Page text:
Canadians will soon be able to legally purchase edible and drinkable cannabis, concentrates, and topical products. Retailers can expect cannabis edibles and new product options to be available in Canada as soon as mid-December, following legal approval on October 17. After that day, cannabis producers must notify Health Canada 60 days prior to selling the products to get approval. After that time, retailers can source products from those approved producers.Ready to offer edibles, concentrates, and topicals at your cannabis store? Here are three things retailers need to know about the next-generation of Canadian cannabis products.
What Retailers Need to Know About Marijuana Edibles in Canada
1. The positive financial impact of the cannabis edible market in Canada cannot be understated.
Projections from a recent Deloitte study values the Canadian cannabis edibles and topicals market at $2.7 billion. The research company points out these profits have the potential to benefit retailers more “than cannabis products that are already legal.” Deloitte goes on to break down each product type and how much they could be worth in the Canadian market in terms of consumer spending:
- Edibles ($1.6 billion)
- Cannabis-infused beverages ($529 million)
- Topicals ($174 million)
- Concentrates ($140 million)
- Tinctures ($116 million)
- Capsules ($114 million)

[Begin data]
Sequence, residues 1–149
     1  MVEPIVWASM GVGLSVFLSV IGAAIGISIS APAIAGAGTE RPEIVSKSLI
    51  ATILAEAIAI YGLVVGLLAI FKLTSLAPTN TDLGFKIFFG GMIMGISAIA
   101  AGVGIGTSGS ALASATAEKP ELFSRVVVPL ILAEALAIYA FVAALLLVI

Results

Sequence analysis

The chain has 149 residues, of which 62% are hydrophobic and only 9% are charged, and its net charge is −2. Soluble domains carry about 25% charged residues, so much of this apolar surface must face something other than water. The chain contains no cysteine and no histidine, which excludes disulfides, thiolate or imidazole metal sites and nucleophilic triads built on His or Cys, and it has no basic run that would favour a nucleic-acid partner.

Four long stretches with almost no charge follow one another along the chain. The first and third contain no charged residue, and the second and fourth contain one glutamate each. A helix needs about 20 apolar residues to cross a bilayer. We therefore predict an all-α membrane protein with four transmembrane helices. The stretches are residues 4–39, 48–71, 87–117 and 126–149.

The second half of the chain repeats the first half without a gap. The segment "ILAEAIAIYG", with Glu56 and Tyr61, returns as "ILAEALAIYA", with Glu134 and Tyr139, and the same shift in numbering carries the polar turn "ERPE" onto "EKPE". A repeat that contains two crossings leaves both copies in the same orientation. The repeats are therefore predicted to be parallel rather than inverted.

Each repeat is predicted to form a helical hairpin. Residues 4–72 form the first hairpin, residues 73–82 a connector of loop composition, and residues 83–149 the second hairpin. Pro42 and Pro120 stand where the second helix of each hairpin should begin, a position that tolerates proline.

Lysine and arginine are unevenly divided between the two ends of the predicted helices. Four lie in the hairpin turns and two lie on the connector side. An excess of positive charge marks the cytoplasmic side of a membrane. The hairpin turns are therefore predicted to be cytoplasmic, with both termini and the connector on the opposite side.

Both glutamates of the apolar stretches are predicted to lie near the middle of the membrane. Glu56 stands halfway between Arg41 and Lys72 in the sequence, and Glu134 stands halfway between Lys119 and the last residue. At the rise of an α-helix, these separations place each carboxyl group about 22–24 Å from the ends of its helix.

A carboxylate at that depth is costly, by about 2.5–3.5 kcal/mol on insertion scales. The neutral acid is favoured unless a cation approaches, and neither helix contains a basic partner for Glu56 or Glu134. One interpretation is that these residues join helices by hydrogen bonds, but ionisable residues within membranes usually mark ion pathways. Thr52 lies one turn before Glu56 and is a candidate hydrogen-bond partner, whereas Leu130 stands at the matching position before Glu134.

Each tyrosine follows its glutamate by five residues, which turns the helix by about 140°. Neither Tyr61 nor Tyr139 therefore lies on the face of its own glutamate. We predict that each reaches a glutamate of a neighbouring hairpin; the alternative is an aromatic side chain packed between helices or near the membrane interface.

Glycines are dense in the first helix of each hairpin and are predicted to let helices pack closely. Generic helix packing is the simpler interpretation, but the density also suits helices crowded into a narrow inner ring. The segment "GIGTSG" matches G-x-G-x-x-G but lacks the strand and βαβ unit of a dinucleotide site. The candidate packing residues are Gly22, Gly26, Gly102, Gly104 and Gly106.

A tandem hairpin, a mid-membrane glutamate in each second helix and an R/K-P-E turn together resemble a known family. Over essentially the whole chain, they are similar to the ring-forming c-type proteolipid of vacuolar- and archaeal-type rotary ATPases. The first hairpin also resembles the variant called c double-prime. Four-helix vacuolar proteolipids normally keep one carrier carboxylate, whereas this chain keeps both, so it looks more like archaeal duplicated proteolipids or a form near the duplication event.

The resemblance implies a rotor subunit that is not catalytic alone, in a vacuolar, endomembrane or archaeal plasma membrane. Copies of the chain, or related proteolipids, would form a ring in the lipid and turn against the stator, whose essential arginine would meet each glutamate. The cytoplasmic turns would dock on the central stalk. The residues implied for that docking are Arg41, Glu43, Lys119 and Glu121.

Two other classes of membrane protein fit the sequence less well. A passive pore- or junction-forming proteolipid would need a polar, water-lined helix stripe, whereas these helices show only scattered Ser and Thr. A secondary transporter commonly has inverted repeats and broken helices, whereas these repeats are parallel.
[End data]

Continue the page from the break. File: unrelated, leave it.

2. The rules for marijuana edibles in Canada remain unclear.
There are many legal grey areas that need clarity within these new product types, like what kinds will be allowed, exactly what they’ll look like, and how retailers will be able to source and sell them. For now, the federal government says you should only expect a limited selection of new products to appear gradually, in physical or online stores, beginning no earlier than mid-December 2019.
The federal government has also given some guidelines on the kinds of products retailers will be allowed to sell, the packaging requirements, and how strong they can be. For instance, edibles are allowed a maximum of 10 milligrams of THC per “single-serving”, while concentrate products (shatter, wax, dabs, etc.) will have a limit of 1,000 milligrams of THC per package. Cannabis topicals like lotions, balms, and oils that are absorbed through the skin will also be limited to 1,000 milligrams of THC per package. Retailers should understand these limits to stay compliant as they decide which products to sell.
Additionally, the government has said packaging and products cannot be “appealing to a young person.” It’s not entirely clear what this means, but it could mean lengthy approval processes for manufacturers and cultivators. Packaging must also be child-resistant, plain, and include health warnings.
3. Retailers must be accredited to make cannabis edibles in Canada.
The Canadian government has been clear that all businesses with the proper retail license to sell must also have separate licensing if they want to cultivate and process cannabis. This means if a business plans to make their own edible products to sell, they must be accredited to do so.
The second wave of legalization in Canada is rapidly approaching. Becoming compliant with these federal regulations means using a seed-to-sale system to meet your cannabis retail needs all in one convenient solution.
Request a free demo with Cova to see how our cannabis compliant POS can solve your biggest challenges.